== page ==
The Senate Banking Committee voted out legislation overhauling the financial reform in less than a half hour late Monday. The measure has drawn fire from the energy industry for its failure to provide end-users, such as industrial consumers and producers, with an exemption from the proposed clearing and trading requirements for the nearly $500 trillion over-the-counter (OTC) derivatives market.
“There was a pre-agreement on the part of the Democrats [on the committee] that they would not allow any amendments” during the mark-up process, said Paul N. Cicio, president of Industrial Energy Consumers of America (IECA). Committee Chairman Christopher Dodd (D-CT), the chief architect of the financial reform bill, let it be known that “it was going to be a straight up-and-down vote.”
The bill cleared the Senate banking panel by 13-10 along partisan lines. Republicans decided to save their amendments for the floor.
Dodd’s legislation calls for regulation of the heretofore unregulated OTC derivatives market. But unlike the measure passed by the House in December, it does not provide a blanket exemption for end-users from the requirement that OTC transactions be cleared by clearinghouses and traded on regulated exchanges.
Instead it gives the Commodity Futures Trading Commission (CFTC) and the Securities and Exchange Commission the authority to exempt a derivative swap from the clearing-trading requirements if one of the parties to the swap is not a swap dealer or a major swap participant, or no derivative clearing organization will accept the swap for clearing. In contrast, the House bill carves out a specific exemption for commodity trades involving end-users or commercial traders hedging commercial risk (see Daily GPI, Dec. 14, 2009).
“While [the American Petroleum Institute] supports efforts by Congress to improve transparency and accountability in U.S. financial markets, we are concerned by the lack of a strong, clear exemption for end-users from a clearing mandate and margin requirements,” said the API, which represents major oil and natural gas producers.
“Energy commodities account for about one half of 1% of the notional value of all over-the-counter derivatives. Still, these OTC derivatives serve an important function for the oil and natural gas industry and thousands of other businesses in the United States. They are used as a risk-management tool to hedge against fluctuations in commodity prices, interest rates and currency exchange rates, creating market stability and keeping costs down for businesses and the consumers who use their products,” the producer group said.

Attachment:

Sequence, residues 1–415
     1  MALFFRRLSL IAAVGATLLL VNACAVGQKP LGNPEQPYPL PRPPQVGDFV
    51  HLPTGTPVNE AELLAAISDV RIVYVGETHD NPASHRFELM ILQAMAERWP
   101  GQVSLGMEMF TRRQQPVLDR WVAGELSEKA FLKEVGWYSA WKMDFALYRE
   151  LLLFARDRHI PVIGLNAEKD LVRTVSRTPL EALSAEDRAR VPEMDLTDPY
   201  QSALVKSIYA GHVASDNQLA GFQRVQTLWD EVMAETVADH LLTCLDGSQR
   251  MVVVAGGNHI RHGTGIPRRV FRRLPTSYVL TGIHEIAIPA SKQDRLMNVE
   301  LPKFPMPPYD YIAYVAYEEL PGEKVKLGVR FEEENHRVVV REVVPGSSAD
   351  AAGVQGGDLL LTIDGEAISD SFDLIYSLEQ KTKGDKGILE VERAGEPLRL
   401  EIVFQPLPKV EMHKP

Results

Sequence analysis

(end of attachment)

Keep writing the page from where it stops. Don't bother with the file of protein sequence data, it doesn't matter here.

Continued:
“With such a low percentage of total derivatives transactions, requiring end-users to exchange trade, centrally clear or margin their hedges will do nothing to address systemic risk. We remain hopeful a bipartisan agreement can be reached that preserves the ability for energy end-users to utilize OTC derivatives to hedge risk.”
Sen. Judd Gregg (D-NH), who supports an end-user exemption, hasn’t given up hope that he and Sen. Jack Reed (R-RI) will be able to develop a bipartisan proposal on regulation of OTC derivatives to replace Dodd’s language. “I am hopeful that we can continue to work toward developing a final bipartisan product in this area before any legislation reaches the Senate floor,” he said. Dodd charged Gregg and Reed with the responsibility of crafting a substitute proposal, but they have been unsuccessful so far (see Daily GPI, March 23).
“We’re disappointed because [Dodd’s] manager’s amendment did not provide an exemption for manufacturers from clearing and margin requirements,” Cicio said. “Our priority is [getting an exemption] from clearing,” he noted, but “we’re OK with [the requirement that] transactions be traded over exchanges.”
And as for the margin language in the Dodd bill, Cicio estimated that one manufacturer would be required to tie up $50-100 million in capital in margin requirements.
He argued that manufacturers account for only 5% of the derivatives traded and “do not pose a risk to the banking system.”
The energy industry’s attention will now turn to the Senate Agriculture Committee, which is expected to unveil its own OTC derivatives bill later this month or in early April. Susan Ginsberg, vice president of crude oil and natural gas regulatory affairs for the Independent Petroleum Association of America, said the producer group has received assurance from Agriculture Committee Chairman Blanche Lincoln (D-AR) and staff that their bill will provide an end-user exemption.
“We need to make sure it [Senate Agriculture] gets it right” when it comes to an exemption for end-users, Cicio said.
If the agriculture panel proposes an end-user exemption, the two Senate committees — Banking and Agriculture — will then have to get together to reconcile their proposals.
CFTC Chairman Gary Gensler, who is against any exemptions from regulation of OTC derivatives, applauded the committee’s action. The vote by the Senate banking panel “represents historic progress toward comprehensive regulatory reform of the over-the-counter derivatives marketplace.” He said he looked forward to working with Dodd, Lincoln and others in the Senate and House on legislation that “promotes transparency and lowers risk in the entire OTC marketplace.”
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